Flood insurance program extended

The Senate’s vote on Tuesday to extend the National Flood Insurance Program by four months was “a small victory,” but U.S. Sen. John Kennedy, R-La., said there is no guarantee Congress “will work it out” once that period ends.

The 86-12 vote to extend the NFIP — followed by President Donald Trump signing the legislation into law — occurred hours before the program was set to expire. The House approved the measure by a large majority last week. This is the seventh time in the last 12 months that Congress has temporarily extended the program in an attempt to negotiate long-term reforms.

During a conference call after the vote, Kennedy said there are “more than just a handful” of senators who think letting the program expire is the only way to enact reforms.

“Automatic extensions are no longer automatic,” he said.

Kennedy spoke of the need to reform the program, which insures nearly 5 million homeowners and business owners nationwide. There are nearly 500,000 policyholders throughout Louisiana. He has mentioned the need to expand coverage and make it more affordable, cap annual premium increases and give local officials more authority in the program.

“I’m not happy with crappy either,” he said.

Several Louisiana lawmakers — including House Majority Whip Steve Scalise, R-Jefferson, Rep. Garret Graves, R-Baton Rouge, and Sen. Bill Cassidy, R-La., joined Kennedy in pushing lawmakers to extend the program, especially in the middle of hurricane season. Scalise authored the four-month extension.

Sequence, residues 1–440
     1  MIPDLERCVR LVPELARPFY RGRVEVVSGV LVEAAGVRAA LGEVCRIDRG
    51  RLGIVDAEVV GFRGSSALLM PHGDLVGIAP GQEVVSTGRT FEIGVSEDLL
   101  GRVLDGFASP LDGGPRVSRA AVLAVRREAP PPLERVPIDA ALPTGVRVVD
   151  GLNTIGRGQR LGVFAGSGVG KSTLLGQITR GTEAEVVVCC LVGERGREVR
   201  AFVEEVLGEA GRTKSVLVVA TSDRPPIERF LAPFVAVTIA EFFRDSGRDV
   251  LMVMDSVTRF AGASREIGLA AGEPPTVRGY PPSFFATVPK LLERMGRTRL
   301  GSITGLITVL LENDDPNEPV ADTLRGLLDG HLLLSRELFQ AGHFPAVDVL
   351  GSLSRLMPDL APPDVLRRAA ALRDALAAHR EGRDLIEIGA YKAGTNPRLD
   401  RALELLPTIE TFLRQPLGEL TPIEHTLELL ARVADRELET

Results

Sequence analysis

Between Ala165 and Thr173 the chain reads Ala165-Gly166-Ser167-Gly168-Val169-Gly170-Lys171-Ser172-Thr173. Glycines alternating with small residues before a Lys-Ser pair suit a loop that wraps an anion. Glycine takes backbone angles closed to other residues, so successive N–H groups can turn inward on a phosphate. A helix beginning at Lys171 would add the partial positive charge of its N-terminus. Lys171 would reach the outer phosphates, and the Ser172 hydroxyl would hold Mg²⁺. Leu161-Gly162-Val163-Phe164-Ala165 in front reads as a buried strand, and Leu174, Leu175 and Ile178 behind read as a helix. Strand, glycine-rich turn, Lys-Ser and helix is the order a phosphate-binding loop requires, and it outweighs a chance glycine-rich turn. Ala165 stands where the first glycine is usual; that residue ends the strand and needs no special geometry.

If a senator objects once the next expiration date approaches, it could take up to “one week of Senate floor time,” Kennedy said. That could put the program in jeopardy of lapsing, especially if other important legislation is being considered at the time.

Kennedy said he has asked Sen. Mike Crapo, R-Idaho, about offering up legislation that would allow all senators to submit and consider amendments to the program. Crapo, who chairs the Senate Committee on Banking, Housing and Urban Affairs, “isn’t keen” on the proposal, according to Kennedy.

“I don’t know any other way to get this out of square one,” he said.

Kennedy said he wants more Louisiana residents to sign up for the program.

‘Automatic extensions are no longer automatic.’

Sen. John Kennedy

R-La.

””

In 2017, Oakdale experienced rising floodwaters that impacted homes, camps and other properties throughout the area.

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